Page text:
Exploring Cholesterol, Fat Tissue and Prostate Cancer

Prostate cancer incidence varies depending upon location and race, with US black men facing higher incidence and mortality than nonblacks. Obesity is linked to higher risk of aggressive prostate cancer, but cholesterol levels may play a role in these race disparities, says Emma H. Allott, PhD, a molecular epidemiologist who is a Marilyn Gentry Fellow in Nutrition and Cancer at the University of North Carolina at Chapel Hill. Here, Allott, shares what her research is uncovering about race, adipose tissue and tumor growth.

Q: How did you become interested in obesity and cancer risk?

A: I was interested in science early on and I've always been interested in obesity and nutrition. There was a PhD program in Dublin [Ireland]; it was a new program where you could visit different labs and choose your project. That's where I had the idea to focus on obesity and cancer.

Q: A lot of your current work is on cholesterol and prostate cancer. Can you briefly explain the link?

A: It’s an interesting relationship: prostate cancer, at least in the early stage, is a hormone dependent cancer and cholesterol is the precursor for hormone synthesis. The body uses cholesterol to generate sex hormones like testosterone, which is what causes early prostate cancer to progress.

The treatment [for this cancer] reduces hormones in the body. But the prostate can still use cholesterol to make its own hormones even while the person is taking drugs to lower the levels. This might be one mechanism for how the tumor can progress.

"African Americans are more likely to have heart disease for which high cholesterol is a risk factor. So since we think cholesterol may also play a role in prostate tumor progression, this may be one of the mechanisms."

Q: How could this relate to racial disparities in prostate cancer?

A: We know African American men have more aggressive prostate cancers and higher rates of mortality. Access to care is one factor, but maybe there’s something different in their biology. African Americans are more likely to have heart disease for which high cholesterol is a risk factor. So since we think cholesterol may also play a role in prostate tumor progression, this may be one of the mechanisms.

We have seen that PSA levels are correlated with serum cholesterol and there is a difference among black and white men. For prostate cancer recurrence, we’ve seen racial differences related to cholesterol levels.

Q: And that’s why you’re looking at how cholesterol-lowering drugs, like statins, affect risk?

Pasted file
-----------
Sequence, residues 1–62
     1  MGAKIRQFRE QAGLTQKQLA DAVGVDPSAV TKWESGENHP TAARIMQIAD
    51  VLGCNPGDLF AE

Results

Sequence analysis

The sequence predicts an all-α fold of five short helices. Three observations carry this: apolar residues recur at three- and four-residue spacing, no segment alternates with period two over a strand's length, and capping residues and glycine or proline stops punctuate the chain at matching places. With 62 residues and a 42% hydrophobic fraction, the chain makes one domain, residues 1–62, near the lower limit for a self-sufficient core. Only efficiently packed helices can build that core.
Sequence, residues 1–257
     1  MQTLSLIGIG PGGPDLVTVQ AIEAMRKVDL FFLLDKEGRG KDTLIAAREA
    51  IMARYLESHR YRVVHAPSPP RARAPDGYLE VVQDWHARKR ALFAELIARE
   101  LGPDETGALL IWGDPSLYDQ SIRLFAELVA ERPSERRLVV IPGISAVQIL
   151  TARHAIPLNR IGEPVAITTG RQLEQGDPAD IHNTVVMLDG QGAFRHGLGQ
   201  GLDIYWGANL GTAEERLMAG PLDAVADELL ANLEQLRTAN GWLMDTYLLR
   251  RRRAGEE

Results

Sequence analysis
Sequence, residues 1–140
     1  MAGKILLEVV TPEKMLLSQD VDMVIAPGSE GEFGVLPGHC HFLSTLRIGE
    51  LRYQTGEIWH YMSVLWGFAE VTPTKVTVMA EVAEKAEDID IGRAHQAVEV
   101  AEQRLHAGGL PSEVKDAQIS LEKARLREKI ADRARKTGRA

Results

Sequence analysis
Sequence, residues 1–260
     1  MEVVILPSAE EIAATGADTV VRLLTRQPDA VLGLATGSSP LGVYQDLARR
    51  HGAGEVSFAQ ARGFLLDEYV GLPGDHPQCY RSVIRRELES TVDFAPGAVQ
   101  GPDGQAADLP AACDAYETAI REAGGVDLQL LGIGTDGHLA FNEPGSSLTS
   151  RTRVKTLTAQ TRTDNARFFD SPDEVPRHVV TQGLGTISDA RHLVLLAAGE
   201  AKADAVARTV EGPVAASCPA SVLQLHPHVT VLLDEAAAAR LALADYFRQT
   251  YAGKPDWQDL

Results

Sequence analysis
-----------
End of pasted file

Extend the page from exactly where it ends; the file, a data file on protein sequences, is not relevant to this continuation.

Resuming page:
A: Yes, epidemiologic data suggest that statin use is associated with lower prostate cancer risk. If cholesterol were involved in prostate cancer, you would expect that statin use lowers risk. Indeed, it looks like it does.

I’ve just done a study that looks at statin use and racial differences in prostate cancer aggressiveness at diagnosis. The population was about a 50-50 mix, with white and African American men. Statin use was associated with reduced prostate cancer aggressiveness in both races, with the strongest inverse associations in non-smokers.

Q: Are you looking at diet and other factors that can affect cholesterol?

A: Of course there is a large genetic component to high cholesterol and a few lifestyle determinants as well. High calorie intake is associated with high cholesterol as is having a high-intake of saturated fat.

We are looking at this but it's challenging in some of these observational studies. We have serum cholesterol levels, but we don’t have dietary information or genetics and we can’t adjust for these things; they could explain our associations but we can’t tell. In the meantime, we're looking at saturated fat intake.

Q: What are you finding?

A: We see that higher saturated fat is associated with more aggressive prostate cancer at diagnosis. This is regardless of race.

Q: You also research obesity and breast cancer. What does the latest research show here?

A: It’s not a straightforward association between obesity and breast cancer: it protects in premenopausal and increases risk in postmenopausal. Breast cancer seems to be two diseases: one type is ER positive and the other is ER negative. When you look at the association between obesity, we see it with ER positive, which often occurs later in life.

I think tumor subtyping is how we need to think of this going forward and that is definitely something I’d like to research further.

Q: Aside from statins, what can men do to lower their cholesterol levels and prostate cancer risk?

A: The lifestyle changes to adopt that may reduce risk of prostate cancer also offer benefits for other types of cancers and diseases, such as cardiovascular disease. Exercising,maintaining a healthy weight, and eating less saturated fat are all good for overall health.

Study references:

Allott EH, Hursting SD. Obesity and cancer: mechanistic insights from transdisciplinary studies. Endocr Relat Cancer. 2015 Dec;22(6):R365-86. doi: 10.1530/ERC-15-0400. Epub 2015 Sep 15. Review.

E H Allott, L Arab, L J Su, L Farnan, E T H Fontham, J L Mohler, J T Bensen and S E Steck. Saturated fat intake and prostate cancer aggressiveness: results from the population-based North Carolina-Louisiana Prostate Cancer Project. Prostate Cancer and Prostatic Diseases , (6 September 2016).

Allott EH, Farnan L, Steck SE, Arab L, Su LJ, Mishel M, Fontham ET, Mohler JL, Bensen JT. Statin Use and Prostate Cancer Aggressiveness: Results from the Population-Based North Carolina-Louisiana Prostate Cancer Project. Cancer Epidemiol Biomarkers Prev. 2016 Apr;25(4):670-7. doi: 10.1158/1055-9965.EPI-15-0631. Epub 2016 Jan 27.

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    Published on September 7, 2016

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